“I’ve been given a great life,” Tevin Johnson-Campion told HuffPo‘s Josh Zepps. “My parents have always been there for me, and just for someone to sit there and say that we’re less deserving, I definitely feel like that’s offensive,” Johnson-Campion continued about his two fathers, plaintiffs in the marriage equality law suit, Obergefell v. Hodges, that the Supreme Court heard on April 28. (Follow Johnson-Campion’s journey toward marriage quality with his two fathers at his blog.)
The marriage equality case is named after the lead plaintiff, James Obergefell, who was not allowed to have his name listed on his husband’s Ohio death certificate. The court’s job in this case is to answer two questions: do states have to issue marriage licenses to same-sex couples, and do states have to recognize same-sex marriages performed in another state?
Opponents to same-sex marriages need to maintain that they have no ill will toward LGBT people to avoid heightened scrutiny. John Bursch, lawyer against marriage equality, failed that test when he said that heterosexual parents would more likely abandon their children if society felt that marriage is just about love. He ignored the four special-needs children of the Michigan plaintiffs who cannot be adopted by both their parents because the women cannot be married. Anthony Kennedy told Bursch, “I think the argument cuts quite against you.”
When Bursch claimed that the banning marriage equality doesn’t discriminate based on sexual orientation, Elena Kagan answered, “If you prevent people from wearing yarmulkes, you know, that’s discrimination against Jews.”
Bursch got into deeper trouble with the swing justices, Kennedy and John Roberts, when he tried the argument that allowing marriage between two people who cannot procreate together leads to more children born out of wedlock and the “reasonable voter” to ban same-sex marriage. “The state doesn’t have an interest in love and emotion at all,” Bursch said. “It’s about binding children to their biological moms and dads.” He went so far as to say that marriage was never intended to be “dignitary [sic] bestowing.” Kennedy disagreed in amazement, saying that he thought this was the entire point of marriage.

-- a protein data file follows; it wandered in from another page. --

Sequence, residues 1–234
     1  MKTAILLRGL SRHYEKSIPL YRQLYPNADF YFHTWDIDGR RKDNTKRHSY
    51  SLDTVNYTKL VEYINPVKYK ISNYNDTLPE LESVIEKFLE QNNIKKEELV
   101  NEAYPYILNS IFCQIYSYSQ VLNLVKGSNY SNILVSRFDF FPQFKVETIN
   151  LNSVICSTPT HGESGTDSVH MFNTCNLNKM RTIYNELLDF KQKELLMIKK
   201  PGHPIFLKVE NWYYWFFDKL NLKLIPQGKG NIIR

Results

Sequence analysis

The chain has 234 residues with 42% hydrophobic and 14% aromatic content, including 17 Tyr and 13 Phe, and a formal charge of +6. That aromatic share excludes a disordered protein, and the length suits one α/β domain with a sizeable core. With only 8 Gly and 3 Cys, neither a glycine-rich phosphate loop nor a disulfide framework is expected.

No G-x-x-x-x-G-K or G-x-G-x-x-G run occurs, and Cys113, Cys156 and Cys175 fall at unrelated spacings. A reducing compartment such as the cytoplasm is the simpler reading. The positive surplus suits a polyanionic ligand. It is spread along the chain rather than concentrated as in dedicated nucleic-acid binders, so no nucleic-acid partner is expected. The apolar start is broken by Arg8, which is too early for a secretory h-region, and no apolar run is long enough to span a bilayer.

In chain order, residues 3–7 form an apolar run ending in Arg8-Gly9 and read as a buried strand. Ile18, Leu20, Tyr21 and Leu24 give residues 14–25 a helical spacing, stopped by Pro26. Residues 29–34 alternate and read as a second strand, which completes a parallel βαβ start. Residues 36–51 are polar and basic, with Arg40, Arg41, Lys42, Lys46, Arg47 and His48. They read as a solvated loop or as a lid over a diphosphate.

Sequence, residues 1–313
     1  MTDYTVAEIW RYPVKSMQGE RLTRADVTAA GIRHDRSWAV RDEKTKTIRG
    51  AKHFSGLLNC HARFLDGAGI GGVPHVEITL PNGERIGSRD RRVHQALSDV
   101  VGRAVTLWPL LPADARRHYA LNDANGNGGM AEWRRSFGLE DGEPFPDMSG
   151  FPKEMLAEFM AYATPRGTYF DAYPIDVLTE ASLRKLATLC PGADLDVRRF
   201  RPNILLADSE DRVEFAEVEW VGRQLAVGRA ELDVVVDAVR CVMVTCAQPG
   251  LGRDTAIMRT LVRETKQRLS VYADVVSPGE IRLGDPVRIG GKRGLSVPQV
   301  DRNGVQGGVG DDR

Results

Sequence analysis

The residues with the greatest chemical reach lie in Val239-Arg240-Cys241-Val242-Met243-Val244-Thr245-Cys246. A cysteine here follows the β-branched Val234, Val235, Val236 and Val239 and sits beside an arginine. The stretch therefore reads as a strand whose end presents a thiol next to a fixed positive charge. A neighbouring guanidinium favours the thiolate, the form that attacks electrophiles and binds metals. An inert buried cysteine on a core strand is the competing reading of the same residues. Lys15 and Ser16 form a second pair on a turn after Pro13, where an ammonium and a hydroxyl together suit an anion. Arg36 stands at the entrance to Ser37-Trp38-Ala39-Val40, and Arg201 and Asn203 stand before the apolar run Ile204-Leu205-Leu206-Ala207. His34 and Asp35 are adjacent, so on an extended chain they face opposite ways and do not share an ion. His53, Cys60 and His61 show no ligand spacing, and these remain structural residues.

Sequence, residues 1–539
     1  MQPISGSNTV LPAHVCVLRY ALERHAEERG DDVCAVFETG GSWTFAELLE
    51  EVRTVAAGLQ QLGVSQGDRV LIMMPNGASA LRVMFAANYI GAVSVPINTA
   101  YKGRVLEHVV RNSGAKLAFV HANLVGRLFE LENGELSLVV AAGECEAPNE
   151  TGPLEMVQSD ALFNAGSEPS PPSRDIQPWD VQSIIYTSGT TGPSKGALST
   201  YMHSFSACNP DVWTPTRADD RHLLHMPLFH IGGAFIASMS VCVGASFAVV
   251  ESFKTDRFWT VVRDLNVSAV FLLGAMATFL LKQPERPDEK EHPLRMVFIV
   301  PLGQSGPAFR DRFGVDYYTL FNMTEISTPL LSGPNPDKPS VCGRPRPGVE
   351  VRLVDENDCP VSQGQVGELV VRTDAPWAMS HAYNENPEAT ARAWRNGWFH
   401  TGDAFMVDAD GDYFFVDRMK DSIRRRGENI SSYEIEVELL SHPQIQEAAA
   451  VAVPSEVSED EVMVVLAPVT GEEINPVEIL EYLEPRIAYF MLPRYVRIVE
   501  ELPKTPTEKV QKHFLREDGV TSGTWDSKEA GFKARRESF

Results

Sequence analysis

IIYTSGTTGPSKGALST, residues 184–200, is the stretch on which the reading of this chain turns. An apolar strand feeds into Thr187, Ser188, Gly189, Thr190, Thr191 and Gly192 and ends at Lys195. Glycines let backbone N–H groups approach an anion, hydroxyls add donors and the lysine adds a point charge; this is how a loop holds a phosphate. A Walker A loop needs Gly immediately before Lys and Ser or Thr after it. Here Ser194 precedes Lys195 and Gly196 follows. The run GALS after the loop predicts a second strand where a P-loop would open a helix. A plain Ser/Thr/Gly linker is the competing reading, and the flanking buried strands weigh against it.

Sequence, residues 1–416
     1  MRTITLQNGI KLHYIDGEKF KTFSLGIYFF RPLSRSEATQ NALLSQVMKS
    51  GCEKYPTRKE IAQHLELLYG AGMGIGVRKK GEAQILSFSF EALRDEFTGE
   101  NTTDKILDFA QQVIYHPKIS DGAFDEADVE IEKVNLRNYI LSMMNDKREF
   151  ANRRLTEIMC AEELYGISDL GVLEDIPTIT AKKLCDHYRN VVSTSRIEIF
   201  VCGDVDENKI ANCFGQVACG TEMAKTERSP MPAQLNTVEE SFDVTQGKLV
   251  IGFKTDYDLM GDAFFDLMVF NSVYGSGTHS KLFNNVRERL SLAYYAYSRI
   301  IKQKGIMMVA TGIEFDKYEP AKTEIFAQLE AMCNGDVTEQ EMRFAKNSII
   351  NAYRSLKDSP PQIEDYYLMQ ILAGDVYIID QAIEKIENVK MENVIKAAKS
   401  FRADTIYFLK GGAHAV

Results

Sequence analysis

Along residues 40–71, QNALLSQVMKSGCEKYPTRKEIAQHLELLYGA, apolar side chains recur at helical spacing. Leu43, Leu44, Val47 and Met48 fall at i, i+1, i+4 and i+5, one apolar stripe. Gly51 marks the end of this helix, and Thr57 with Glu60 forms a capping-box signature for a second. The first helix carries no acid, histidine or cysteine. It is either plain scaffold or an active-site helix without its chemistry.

After a debate on whether couples should be asked if they wanted children before they were permitted to marry, Ruth Bader Ginsberg, 82, told Bursch, “Suppose a couple, 70-year-old couple, comes in and they want to get married? You don’t have to ask [the 70-year-old couple] any questions. You know they are not going to have any children.”
To the absurd argument that marriage equality would weaken the institution, Ginsberg responded:
“All of the incentives, all of the benefits that marriage affords would still be available. So you’re not taking away anything from heterosexual couples. They would have the very same incentive to marry, all the benefits that come with marriage that they do now.”
As Roberts and Kennedy fretted about rushing into marriage equality, Ginsburg gave a great tutorial:
“Marriage today is not what it was under the common law tradition, under the civil law tradition. Marriage was a relationship of a dominant male to a subordinate female. That ended as a result of this court’s decision in 1982 when Louisiana’s Head and Master Rule was struck down … Would that be a choice that state should [still] be allowed to have? To cling to marriage the way it once was?”
Bursch said, “No.”
Roberts suggested that LGBT people should keep on persuading people to accept marriage equality and not bother the court. He said:
“I mean, closing of debate can close minds, and it will have a consequence on how this new institution is, is accepted. People feel very differently about something if they have a chance to vote on it than if it’s imposed on them by the courts.”